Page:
Anti-Japanese war hero Kim Jong Suk
Kim Jong Suk (1917-1949), who is held in high esteem by the Korean people, devoted her whole life to the rising generations.
Having embarked on the road of anti-Japanese revolutionary struggle for Korea’s liberation already in her early years, Kim Jong Suk directed the work of the Children’s Corps (CC), the organization of Korean children formed by President Kim Il Song (1912-1994), for some years.
She was more of a dear sister of the CC members than their educator. She took meticulous care of the children lest they should feel cold or hungry, and put all her efforts to bringing them up to be fine workers for the future Korea. Even after she joined the Korean People’s Revolutionary Army led by Commander Kim Il Sung. She always paid deep attention to the life of the CC member and led their growth step by step.
Her affection for the rising generations knew no bounds. This happened when she was carrying out underground activities in a village, called Taoquanli, under the instruction of Kim Il Sung. One day she heard that a landlord in the village banished his girl servant, who was suffering from typhoid fever, to a hut in a mountain. She went to the hut without hesitation, and found the girl unconscious due to a high fever and dying in a lonely hut. She attended to the girl with utmost care while living with her in the hut. Later some members of the underground organization ran to the hut, urging her to leave the hut immediately. But Kim Jong Suk comforted them, saying in the following vein: “If we are afraid tosave a child at the risk of our lives, how can we restore the country and rescue our fellow countrymen? I’m not afraid, for I’m determined to sacrifice my life for the sake of the people.” Rescuing the girl from the jaws of death meant to her more than a mere life-saving, because she regarded it as rescuing he future of Korea writhing in agony under the military occupation of the Japanese imperialists. Thanks to her tender nursing the girl was fully recovered.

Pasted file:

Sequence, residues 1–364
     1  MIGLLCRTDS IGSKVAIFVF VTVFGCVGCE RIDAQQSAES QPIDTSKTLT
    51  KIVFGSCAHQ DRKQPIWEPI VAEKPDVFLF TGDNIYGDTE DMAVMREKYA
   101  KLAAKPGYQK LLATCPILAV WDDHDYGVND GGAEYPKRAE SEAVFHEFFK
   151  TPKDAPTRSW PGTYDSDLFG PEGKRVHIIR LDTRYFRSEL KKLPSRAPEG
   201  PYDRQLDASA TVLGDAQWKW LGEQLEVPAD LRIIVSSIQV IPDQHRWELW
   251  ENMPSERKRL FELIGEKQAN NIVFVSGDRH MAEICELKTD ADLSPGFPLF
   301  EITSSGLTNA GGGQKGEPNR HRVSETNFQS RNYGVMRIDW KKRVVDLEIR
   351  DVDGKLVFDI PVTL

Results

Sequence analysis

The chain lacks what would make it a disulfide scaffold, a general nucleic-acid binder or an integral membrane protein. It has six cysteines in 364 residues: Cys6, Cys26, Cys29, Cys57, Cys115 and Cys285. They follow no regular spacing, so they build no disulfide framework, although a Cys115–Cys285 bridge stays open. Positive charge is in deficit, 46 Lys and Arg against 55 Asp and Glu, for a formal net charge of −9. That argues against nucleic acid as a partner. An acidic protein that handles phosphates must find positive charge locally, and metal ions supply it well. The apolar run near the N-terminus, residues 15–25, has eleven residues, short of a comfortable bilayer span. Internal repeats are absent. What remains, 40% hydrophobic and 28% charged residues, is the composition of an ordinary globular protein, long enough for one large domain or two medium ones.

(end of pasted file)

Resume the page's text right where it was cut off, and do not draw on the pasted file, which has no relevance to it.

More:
After Korea’s liberation (August 15, 1945) she continued to pay deep attention to bringing up children and educating them.
Owing to the colonial policy of keeping the Korean nation in ignorance the Japanese imperialists had pursued during their occupation of Korea for 40 years, there were no proper child-care facilities or educational institutions in the country.
Regarding the issue of setting up nurseries and kindergartens and bringing up children at state and social expense as an important one, Kim Jong Suk went over on the spot the design for a nursery to be built and named it March Eighth Nursery, and paid attention to every piece of its furniture and fittings.